A Love Letter to Being Jewish
Brooklyn College student journalist Moshe Langer, a writer for the school's "Hatikvah" magazine, recently spoke with the creator of "The Hebrew Hammer," Jonathan Kesselman, about the making of the movie, its role in confronting Jewish stereotypes and his love of Jewish culture:
Langer: Can you tell me more about your background?
Kesselman: I was born and raised in Los Angeles in the San Fernando Valley. I went to high school in North Hollywood. Afterward, I went to college at Cal Poly, where I studied psychology. After my dad died, I dropped out for a year and lived in Steamboat Springs, Colo., and did the ski-bum thing. I transferred into the University of Colorado and got my degree in psychology, with an emphasis on neuroscience. I was working in a research lab for a while, but it really wasn't what I wanted to do. When I came back to LA, I ended up working as an IT guy, but my dream was to go to film school. I applied to USC and got my graduate degree there in 2001. In terms of my Jewish background, I was raised Reform and Conservative – my mom sort of bounced us back and forth.
Langer: Let's talk a little bit about the movie. Was there any specific inspiration for this movie?
Kesselman: I applied to film school twice, and the first time I didn't get in. I was very angry about that, so I started writing this movie idea about these two moronic film students, and when you first meet them, one of them has a movie showing in class called "Matthew Rising," and it's a Jewish exploitation film. The joke was that no one thought the Jews were necessarily exploited. Eventually, when I got into school, my first semester I did a film called "Subterfuge," which is sort of a spy film. One of the characters in it was Mordechai Jefferson Carver, the Hebrew Hammer, a master of disguises. He was an Orthodox Jew, and he goes into an airport bathroom with this package. He starts ripping off all of his clothing – his tallis, his yarmulke – [with the camera] cutting in and out of the bathroom stall, and eventually when you cut back in, he's a black man.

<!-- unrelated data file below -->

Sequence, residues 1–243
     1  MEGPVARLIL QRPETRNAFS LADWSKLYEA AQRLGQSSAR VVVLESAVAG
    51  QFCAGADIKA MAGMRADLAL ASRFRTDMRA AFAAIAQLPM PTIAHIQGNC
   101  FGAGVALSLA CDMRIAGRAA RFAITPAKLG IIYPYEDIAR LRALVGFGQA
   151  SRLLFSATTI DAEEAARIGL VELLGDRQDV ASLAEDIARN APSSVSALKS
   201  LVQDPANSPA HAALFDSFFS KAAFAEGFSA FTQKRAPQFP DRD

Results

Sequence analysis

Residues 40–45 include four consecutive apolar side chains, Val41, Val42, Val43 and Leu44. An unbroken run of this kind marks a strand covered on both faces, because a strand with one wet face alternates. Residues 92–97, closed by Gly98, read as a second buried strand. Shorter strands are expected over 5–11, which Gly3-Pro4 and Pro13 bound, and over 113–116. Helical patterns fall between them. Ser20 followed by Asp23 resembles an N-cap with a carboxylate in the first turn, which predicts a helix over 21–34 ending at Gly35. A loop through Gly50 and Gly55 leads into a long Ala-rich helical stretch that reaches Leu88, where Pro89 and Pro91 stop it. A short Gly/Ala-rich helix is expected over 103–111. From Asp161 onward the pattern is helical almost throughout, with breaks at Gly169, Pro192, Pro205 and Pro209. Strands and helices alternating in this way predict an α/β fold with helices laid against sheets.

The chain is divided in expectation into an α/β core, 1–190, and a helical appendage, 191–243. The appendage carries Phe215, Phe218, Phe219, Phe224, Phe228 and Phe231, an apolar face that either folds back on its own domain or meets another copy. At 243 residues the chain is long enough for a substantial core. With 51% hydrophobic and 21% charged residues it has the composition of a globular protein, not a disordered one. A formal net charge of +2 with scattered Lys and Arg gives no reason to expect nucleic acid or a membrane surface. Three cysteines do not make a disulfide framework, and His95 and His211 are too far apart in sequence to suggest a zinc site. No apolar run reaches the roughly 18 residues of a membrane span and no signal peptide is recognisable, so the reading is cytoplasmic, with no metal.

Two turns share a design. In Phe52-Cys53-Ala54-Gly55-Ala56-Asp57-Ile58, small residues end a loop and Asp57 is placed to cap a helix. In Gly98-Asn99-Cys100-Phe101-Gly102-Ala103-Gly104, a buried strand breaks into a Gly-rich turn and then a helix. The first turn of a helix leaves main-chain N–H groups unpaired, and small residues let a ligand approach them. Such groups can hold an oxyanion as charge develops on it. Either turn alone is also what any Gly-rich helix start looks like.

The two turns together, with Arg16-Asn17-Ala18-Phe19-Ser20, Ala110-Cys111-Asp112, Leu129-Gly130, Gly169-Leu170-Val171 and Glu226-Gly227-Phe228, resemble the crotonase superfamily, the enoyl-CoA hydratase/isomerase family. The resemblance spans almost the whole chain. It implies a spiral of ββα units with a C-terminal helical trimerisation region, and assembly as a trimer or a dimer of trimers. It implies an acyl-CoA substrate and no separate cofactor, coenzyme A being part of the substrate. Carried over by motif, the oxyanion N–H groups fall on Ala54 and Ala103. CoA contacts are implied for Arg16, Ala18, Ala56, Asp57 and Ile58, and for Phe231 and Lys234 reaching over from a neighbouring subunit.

So I rented every blaxploitation film I could get my hands on, starting with "Sweet Sweetback Baad Asssss Song," which was the first film by Melvin Van Peebles, and sort of got a sense of how the genre worked and the convention of the genre. Then I ended up doing a short film my second semester, which sort of became a hit of the school, a notorious short that was chosen by the archivists as one of their favorite shorts from 1950 to the present. It gave me attention in Hollywood – it was going around town. A friend of mine ended up showing it to a woman who was the girlfriend of an agent at ICM. He saw the tape and called me while I was writing "Hammer," and he asked if I was writing anything. I said I was writing this and sent it to them, and the rest is history.
Langer: Your research of the blaxploitation genre happened during film school?
Kesselman: Yes. I had seen it as a kid but didn't really understand it. I had a general sense of what the films were, but it wasn't until I started watching them and seeing them back to back that I understood what they were all about. I had taken a class in graduate school about blaxploitation films, which was great because after I had written the film and was gearing up to go into preproduction, it gave me a lot of insight into things I had written. Sometimes it's a subconscious thing – you don't really understand what you are writing when you are writing it. It helped me get a better understanding of the genre and the clothing and the politics and everything that went along with that era, the early '70s.
Langer: Your Web site talks a lot about what the blaxploitation genre did for blacks in Hollywood. Is that what you were going for with Jews?